This isn’t, at heart, a book about baseball. On the surface it’s about the how the Oakland A’s, who should be the equivalent of the kid in the old Charles Atlas adverts getting sand kicked in their faces, live with the big financial bullies of the league. How they compete in the only major American sport that doesn’t have a salary cap to provide a level playing field. The difference is this kid didn’t send off to get the muscles, he simply got smart instead. This book is about how being smarter than your opponents can work. Even if you’ve got zero interest in baseball, it’s an absorbing, intelligent read.
There are two real threads to this book. The first is the rise in sabermetrics, which tried to take the elements of luck and judgement out of baseball statistics and actually measure a player’s performance – for example, fielders being judged on how few errors they made when an error was obviously a subjective call. And the second is how Oakland’s general manager Billy Beane, originally a can’t miss prospect who missed, determined that the conventional methods of building a team were wrong and set about some unorthodox methods of constructing that team.
The threads intertwine as Beane, with the help of his assistant Paul DePodesta, uses the sabermetric system, rather than the conventional league approved ones, to analyse the truly important underrated stats and pick up cost effective players who performed well in these categories. In short, he takes advantage of crucial data that other teams ignore in favour of the more gaudy stats. It’s fascinating to see Beane rebuild the organisation using these stats as a basis. He fires the scouts, who look only at what they want to see - who looks good and athletic, who pitches the fastest, who runs the swiftest. These scouts, who’ve been trained by convention and accepted wisdom, are all booted in favour of those who’ll look beyond the appearances and to actual performances. And with the help of his new scouts and sabermetrics Beane takes the equivalent of rescue dogs from Battersea Dogs Home and transforms them into stars. And if they don’t work out, or work out too well he trades them to his advantage. And as the book clearly shows the methods are wildly successful – the A’s consistently have one of the league’s lowest payrolls yet consistently make the playoffs.
Beane’s a fascinating central character, a GM whose own experiences of being the can’t miss prospect who missed lead him to question the whole system of talent evaluation. He’s an intriguing mixture of gambler, thinker and horse trader, even not watching his own team’s games because it might bring cloud his judgement on players. It’s clearly his failure to make it that drives him to prove how wrong the league is when it comes to selecting players, and use that failure to outsmart the rest of the league. Michael Lewis clearly conveys the passion that drives him and the pleasure he derives from building his team. He doesn’t shy from portraying Beane’s ruthlessness either, mixing the fairytale pickups of Chad Bradford and Scott Hatteburg with Mike Magnante, who’s cut immediately before a game his wife and children had turned up to watch, effectively ending his career four days short of receiving his full pension benefits.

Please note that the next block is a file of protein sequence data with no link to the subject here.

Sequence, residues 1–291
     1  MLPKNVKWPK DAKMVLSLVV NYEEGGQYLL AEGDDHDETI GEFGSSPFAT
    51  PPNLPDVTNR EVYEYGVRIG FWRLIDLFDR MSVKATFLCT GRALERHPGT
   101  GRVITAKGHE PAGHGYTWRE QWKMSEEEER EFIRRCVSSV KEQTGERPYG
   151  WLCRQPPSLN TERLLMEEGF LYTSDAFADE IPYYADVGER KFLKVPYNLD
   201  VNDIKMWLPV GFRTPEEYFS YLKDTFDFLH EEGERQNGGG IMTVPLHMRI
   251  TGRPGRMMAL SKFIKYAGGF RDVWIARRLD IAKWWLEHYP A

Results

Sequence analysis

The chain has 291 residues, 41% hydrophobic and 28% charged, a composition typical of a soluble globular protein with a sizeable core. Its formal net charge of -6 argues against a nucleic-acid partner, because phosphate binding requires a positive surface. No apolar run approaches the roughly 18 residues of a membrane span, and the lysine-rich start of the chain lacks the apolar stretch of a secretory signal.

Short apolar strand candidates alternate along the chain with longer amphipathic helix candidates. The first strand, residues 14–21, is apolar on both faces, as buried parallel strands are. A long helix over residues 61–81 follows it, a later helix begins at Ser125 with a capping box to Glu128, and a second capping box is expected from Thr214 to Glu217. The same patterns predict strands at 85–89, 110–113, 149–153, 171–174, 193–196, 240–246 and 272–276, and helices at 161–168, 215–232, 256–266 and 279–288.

By the end of the book a couple of other teams have started to cotton on and follow Oakland’s methods, rather than dismissing them as a freak situation. Only a few though, the majority of baseball still cling to their received wisdom. When you finish reading this book the new afterword will give you the impression that the powers that be in Major League Baseball are like the Spanish Inquisition trying to silence anyone who tells them the world isn’t flat or the centre of the universe, suppressing and ignoring knowledge that might improve them and their teams.
It’s a great story which Michael Lewis tells fluently and clearly, meaning the baseball stats and often complex trades are rendered clearly to outsiders. It fires what Beane and DePodesta are dong through a business perspective, showing clearly how the often hollow business mantra of more efficiency, fresh perspective and exploiting previously unknown holes in the market can work even applied outside the traditional business arena. It focuses an already great story through a prism of fresh perspective, although naturally it’s an occasionally harsh perspective on Beane treating his players as commodity. Each chapter focuses on some aspect of Beane’s thinking and the background to it, meaning the methods he uses are vividly and clearly illustrated, even to those with little or no interest in baseball.
In the end the book is best summed up by a rare example Lewis gives from a game. A television analyst is explaining exactly why Oakland always fail in the playoffs, whilst in the background the team are actually doing what he’s saying. Naturally his lecture goes unquestioned, even in the light of hard evidence from the game. If there’s one favour a sports fan can get from Moneyball it’s to realise how little sportscasters engage their brains when ‘analysing’. In fact, how little most teams seem to be using their brain, instead favouring received knowledge.
This is a book that can be read, digested and enjoyed even by non-baseball fans, hell even by non-sports fans. In that respect, Moneyball is simply one of the greatest sports books ever published.